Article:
It is important to have a clear understanding of how much clinical care investigators owe to patients/subjects, since this is the critical issue in the debates about RCTs, placebo-controls, drug washout periods, and other issues related to the investigator-subject relationship. All commentators on these topics agree that clinical investigators must provide patients/subjects with the clinical care described in the protocol as well as the care needed to protect patients/subjects from harm. But what should they do for patients/subjects beyond this minimal standard? That is the crux is the matter.

The partial entrustment approach

Richardson and Belsky develop an alternative to the fiduciary view that attempts to deal with the question concerning the extent of the clinical investigator's obligation to provide the patient/subject with clinical care. The authors reject the extreme view that investigators have no duty to provide patients/subjects with medical benefits beyond what is required by the protocol, arguing that there are two sources of justification for investigators' therapeutic obligations. First, all moral agents have a duty of rescue, i.e. the obligation to make a reasonable effort to help a person who is endangered[9]. The duty of rescue is different from a duty to avoid causing harm to other people, since it is a positive duty to aid someone. Various moral theories, including Kantianism, utilitarianism, and social contract theory, support a duty to help others, which implies a duty of rescue [53].

Second, investigators have special moral obligations beyond the duty of rescue as a result of their relationships to patients/subjects. Because investigators have considerable discretion to make decisions that affect the welfare of patients/subjects and because patients/subjects are vulnerable, investigators are partially entrusted to promote the welfare of patients/subjects. Richardson and Belsky call their view a "partial entrustment" approach to distinguish it from the fiduciary view, which involves complete entrustment [9]. Richardson and Belsky argue that the relationship between the investigator and patient/subject is similar to a legal relationship known as a bailment. In a bailment, the entrusted person, the bailee, agrees to take care of an item owned by another person, the bailor, and return it undamaged. For example, in valet parking, the company has a responsibility prevent the car from being damaged while under its care and to return the car to the owner in good condition [69].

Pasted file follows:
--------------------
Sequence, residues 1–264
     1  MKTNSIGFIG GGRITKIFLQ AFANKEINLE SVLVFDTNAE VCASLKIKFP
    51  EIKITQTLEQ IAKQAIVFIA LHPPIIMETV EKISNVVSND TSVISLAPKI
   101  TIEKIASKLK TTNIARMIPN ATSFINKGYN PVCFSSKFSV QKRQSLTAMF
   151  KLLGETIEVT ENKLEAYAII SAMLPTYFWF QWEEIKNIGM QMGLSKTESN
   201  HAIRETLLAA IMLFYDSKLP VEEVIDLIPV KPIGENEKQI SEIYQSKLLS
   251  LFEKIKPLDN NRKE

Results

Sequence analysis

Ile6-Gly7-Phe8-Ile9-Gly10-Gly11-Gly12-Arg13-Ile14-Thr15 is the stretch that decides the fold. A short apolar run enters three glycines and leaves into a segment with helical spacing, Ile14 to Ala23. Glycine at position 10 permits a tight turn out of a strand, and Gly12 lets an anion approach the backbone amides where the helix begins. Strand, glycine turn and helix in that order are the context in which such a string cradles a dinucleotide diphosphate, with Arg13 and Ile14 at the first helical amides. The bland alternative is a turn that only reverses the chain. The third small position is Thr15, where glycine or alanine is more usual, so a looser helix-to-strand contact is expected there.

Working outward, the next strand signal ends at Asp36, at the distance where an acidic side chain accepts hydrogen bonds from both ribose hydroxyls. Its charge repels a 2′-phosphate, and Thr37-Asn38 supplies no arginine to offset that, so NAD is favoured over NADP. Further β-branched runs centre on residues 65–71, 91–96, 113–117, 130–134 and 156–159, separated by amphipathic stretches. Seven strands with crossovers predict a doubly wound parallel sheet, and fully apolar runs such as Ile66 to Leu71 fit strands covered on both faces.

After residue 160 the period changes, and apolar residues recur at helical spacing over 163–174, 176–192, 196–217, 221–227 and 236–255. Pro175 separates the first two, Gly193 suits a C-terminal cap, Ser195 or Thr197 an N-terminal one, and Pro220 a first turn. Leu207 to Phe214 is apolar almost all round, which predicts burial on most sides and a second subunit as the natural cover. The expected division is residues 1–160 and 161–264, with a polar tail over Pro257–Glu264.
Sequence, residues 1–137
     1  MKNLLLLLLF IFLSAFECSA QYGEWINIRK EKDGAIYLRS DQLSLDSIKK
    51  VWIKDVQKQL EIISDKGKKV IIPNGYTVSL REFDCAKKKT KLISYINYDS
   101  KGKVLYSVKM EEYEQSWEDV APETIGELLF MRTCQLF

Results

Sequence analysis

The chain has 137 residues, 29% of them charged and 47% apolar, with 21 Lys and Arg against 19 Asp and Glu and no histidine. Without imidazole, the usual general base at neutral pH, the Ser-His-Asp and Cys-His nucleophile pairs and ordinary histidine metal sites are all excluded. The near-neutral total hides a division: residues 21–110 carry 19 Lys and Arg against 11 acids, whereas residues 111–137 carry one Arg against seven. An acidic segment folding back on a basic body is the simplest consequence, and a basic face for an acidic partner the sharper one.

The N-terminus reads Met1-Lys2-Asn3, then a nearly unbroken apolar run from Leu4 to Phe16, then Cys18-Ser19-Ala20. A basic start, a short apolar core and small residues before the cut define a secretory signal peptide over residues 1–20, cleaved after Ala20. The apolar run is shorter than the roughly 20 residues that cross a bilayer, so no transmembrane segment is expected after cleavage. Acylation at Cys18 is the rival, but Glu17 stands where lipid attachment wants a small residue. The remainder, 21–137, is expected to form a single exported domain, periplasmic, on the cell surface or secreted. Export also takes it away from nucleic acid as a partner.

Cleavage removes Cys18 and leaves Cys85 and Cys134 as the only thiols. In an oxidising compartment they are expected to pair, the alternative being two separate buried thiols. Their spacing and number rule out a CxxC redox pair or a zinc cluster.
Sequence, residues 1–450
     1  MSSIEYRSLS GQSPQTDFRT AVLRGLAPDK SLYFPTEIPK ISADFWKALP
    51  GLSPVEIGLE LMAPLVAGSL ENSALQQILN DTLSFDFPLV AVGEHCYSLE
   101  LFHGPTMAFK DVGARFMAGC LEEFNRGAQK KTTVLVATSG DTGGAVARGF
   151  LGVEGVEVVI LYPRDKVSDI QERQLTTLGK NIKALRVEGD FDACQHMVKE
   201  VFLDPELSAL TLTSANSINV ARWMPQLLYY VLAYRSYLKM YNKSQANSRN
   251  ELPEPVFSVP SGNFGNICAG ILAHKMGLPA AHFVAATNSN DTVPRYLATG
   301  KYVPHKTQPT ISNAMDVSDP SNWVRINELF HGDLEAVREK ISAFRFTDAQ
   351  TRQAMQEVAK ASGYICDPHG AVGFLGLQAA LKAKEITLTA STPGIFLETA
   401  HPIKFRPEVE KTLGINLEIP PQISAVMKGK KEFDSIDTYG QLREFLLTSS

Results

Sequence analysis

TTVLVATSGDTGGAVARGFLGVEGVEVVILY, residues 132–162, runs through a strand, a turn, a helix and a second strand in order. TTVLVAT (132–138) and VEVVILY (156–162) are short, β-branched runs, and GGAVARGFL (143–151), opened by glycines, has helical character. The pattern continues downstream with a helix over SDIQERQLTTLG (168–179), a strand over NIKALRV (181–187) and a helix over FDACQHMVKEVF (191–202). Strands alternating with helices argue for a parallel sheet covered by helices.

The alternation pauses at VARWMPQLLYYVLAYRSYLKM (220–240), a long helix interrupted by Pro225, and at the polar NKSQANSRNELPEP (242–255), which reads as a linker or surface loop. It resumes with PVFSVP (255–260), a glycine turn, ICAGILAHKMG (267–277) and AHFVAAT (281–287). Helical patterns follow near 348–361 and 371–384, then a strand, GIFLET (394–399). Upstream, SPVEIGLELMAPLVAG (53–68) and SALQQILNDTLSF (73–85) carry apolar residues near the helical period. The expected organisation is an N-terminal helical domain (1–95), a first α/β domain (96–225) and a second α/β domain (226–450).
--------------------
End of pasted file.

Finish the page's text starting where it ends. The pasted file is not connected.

Richardson and Belsky describe some factors that determine the extent of the investigator's clinical responsibilities to human subjects, including the nature of the research, the investigator's resources, the subjects' vulnerabilities, and what the subjects have consented to. For example, an investigator who is conducting research on highly vulnerable subjects, such as patients with cognitive impairments, would have greater responsibilities to the subjects than an investigator who is conducting research on subjects who are not as vulnerable, such as healthy volunteers donating biological materials to a biobank. An investigator who is conducting a Phase III oncology clinical trial would have greater responsibilities than an investigator who is collecting blood and tissue for a biobank, because the oncology investigator has more discretion than the biobank investigator [9].

Richardson and Belsky apply their analysis to a case involving ancillary care, i.e. care that a clinical investigator may offer to a research subject that is not required by the scientific aims of the study. The authors argue that investigators who are studying malaria in children living in an area of Africa where the disease is endemic have a responsibility to diagnose and treat schistosomiasis, a parasitic disease caused by flatworms, which is likely to be found in up to 10 percent of subjects. Diagnosing schistosomiasis is within the investigator's discretion because the disease is easily detectable in urine samples drawn for the study and up to 10 percent of children are likely to have the disease. Additional factors in favor of diagnosing and treating the patients/subjects include their high degree of vulnerability and the investigators' ample resources. However, if the prevalence of the disease were 90 percent, this would greatly weaken the obligations to treat the disease, because this would put an enormous burden on the research team's budget, which could make it difficult to conduct the study, according to the authors [9].